Consider exploration. If you stand outside a beautiful forest and think you want to know more about that gorgeous forest by exploring it, by experiencing it, you must move toward it. You’ll need to enter the forest and travel through it. Moving in a straight-line course will show you many interesting things about the forest, but you might choose to move in expanding or contracting circles, traveling around the center of the trees. Perhaps you wander without a plan. Nonetheless, you’re exploring the forest, encountering the plants growing there, what the soil is like, the smells, the taste of the air itself. You also hear and see the inhabitants of the forest. There’s a lot more to it than what you see standing apart from it. If you had always been inside the forest and never left it, you’d not have the perspective of distance, either. You can now integrate the outside appearance and inner experience of the forest.
Of course, this forest is metaphorical. Human beings are both inside and outside themselves all the time. As teenagers, we develop the “imagined audience,” that illusory feeling of being watched, of being on state all the time. As we get older, we do develop a real audience: our work colleagues, friends, supervisors, you name it. It can become tough to know whether we do what we do to please that audience or to please ourselves. Knowing ourselves becomes difficult. However, exploring ourselves is harder than picking a direction and moving toward it. How do we imagine ourselves to be? If we are both inside ourselves, yet influenced by the ongoing nattering of the outside world, how do we get inside our own heads, and if we do manage it, how do we examine ourselves? How do we experience ourselves? How can we learn to stand apart from who we are while learning to celebrate the best in ourselves?
Meditation and mindful awareness are the two premier tools for doing just this kind of exploration. They are reasonably simple skills that can be learned in a single week or even less, a little bit every day, yet keep unfolding and providing benefits for an entire lifetime. Those benefits increase the more you practice mindfulness and meditation, but they become apparent almost immediately. Still, many people confuse meditation with religious practices or formalized worship. It’s not. It can certainly be used in those cases, but practicing meditation only identifies you as a person interested in your good health—mind, body, and spirit.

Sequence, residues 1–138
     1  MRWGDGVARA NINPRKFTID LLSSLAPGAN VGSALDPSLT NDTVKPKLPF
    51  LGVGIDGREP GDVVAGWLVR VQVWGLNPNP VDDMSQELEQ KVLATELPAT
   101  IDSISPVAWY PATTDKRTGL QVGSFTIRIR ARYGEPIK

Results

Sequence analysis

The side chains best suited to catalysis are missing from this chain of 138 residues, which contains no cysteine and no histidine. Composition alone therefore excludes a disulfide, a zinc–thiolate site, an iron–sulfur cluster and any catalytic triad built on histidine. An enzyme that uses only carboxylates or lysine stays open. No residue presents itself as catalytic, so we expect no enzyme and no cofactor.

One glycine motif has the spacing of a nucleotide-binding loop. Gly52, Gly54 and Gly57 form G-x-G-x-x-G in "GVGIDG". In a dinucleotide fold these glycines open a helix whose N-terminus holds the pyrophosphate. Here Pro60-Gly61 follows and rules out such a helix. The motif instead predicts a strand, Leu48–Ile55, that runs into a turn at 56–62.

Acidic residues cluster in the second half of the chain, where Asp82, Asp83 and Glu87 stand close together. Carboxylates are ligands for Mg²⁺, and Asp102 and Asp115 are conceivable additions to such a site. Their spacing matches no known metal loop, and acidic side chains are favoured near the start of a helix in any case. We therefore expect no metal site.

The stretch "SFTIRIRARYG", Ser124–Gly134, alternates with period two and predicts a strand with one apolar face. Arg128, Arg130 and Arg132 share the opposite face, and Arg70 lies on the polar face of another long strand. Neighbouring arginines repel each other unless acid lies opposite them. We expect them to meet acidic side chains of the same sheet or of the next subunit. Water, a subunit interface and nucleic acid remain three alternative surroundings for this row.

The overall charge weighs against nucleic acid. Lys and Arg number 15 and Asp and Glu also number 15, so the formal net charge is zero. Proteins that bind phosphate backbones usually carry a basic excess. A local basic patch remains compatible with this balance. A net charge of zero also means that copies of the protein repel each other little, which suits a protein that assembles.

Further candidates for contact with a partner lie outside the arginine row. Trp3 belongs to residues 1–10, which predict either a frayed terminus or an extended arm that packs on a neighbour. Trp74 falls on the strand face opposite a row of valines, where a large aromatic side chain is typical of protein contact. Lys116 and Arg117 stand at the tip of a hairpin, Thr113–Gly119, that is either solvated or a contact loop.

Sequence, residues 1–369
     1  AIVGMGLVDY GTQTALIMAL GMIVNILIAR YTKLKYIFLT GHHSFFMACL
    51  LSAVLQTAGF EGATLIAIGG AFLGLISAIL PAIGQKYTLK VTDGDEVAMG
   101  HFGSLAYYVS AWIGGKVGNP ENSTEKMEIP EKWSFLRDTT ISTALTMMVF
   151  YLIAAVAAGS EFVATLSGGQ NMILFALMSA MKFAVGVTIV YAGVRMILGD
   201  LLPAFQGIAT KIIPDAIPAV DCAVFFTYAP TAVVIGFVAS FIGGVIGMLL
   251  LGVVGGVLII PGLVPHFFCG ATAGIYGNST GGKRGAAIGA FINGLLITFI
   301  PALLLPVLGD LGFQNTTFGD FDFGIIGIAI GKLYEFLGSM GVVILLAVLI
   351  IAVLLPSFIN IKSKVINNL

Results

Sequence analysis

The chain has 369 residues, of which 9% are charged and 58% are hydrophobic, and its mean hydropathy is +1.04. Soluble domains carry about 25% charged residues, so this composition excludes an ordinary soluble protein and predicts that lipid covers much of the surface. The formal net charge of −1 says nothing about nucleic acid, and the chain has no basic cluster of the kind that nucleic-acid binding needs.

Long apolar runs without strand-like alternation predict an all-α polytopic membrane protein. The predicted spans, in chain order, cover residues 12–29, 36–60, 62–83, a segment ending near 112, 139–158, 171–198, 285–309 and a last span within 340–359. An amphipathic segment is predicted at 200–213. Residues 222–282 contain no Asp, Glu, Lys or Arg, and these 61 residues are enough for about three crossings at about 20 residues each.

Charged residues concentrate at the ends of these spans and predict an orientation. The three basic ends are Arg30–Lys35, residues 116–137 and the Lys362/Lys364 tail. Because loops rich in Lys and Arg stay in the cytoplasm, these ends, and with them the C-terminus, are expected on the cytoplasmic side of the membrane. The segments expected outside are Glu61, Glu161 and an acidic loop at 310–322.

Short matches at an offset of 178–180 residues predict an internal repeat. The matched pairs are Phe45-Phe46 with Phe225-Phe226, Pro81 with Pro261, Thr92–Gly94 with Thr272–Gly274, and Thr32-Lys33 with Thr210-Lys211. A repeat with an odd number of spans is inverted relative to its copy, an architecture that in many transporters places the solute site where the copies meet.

While there are numerous schools of thought and practice on meditation, speaking broadly, it’s a state of relaxed, nonjudgmental focus. The focus in mediation is never on your problems. That sounds a bit crazy, doesn’t it? If we’re not thinking about our problems or our stresses, how can we fix them? Most of us over-focus on problems. We fixate on them to the point where simply thinking about the problem feels like we’re actively working on solving it. Worry and obsession don’t cure any ills of any sort. Merely thinking about a problem doesn’t cure its ills. So how does not thinking about it work? It's important to note too, that meditation is not a way to learn to ignore problems.
At the beginning level of meditation, you need to find a quiet spot where you won’t be disturbed at all. No rings from a phone of any sort. No beeps, chimes, or ringtones. No pets (or kids) demanding your attention. If you’re thinking that carving out such a spot even for five minutes would be hard or next to impossible, then stay right here. You’re the person who needs meditation most of all! In fact, in beginning meditation, we only spend about five minutes in the process.
Here’s how to get started:
The process in its entirety can take five minutes. There’s no such thing as a “perfect” amount of time for a meditative trance, but I find 30 minutes or so to be ideal for me. The above is just an overview, a slice of what we’ll be working with here. Our goal is helping you develop an empowered, and inspired life that also strengthens you to become more capable of dealing with life’s daily issues without having to invest so much of your energy is solving such details.
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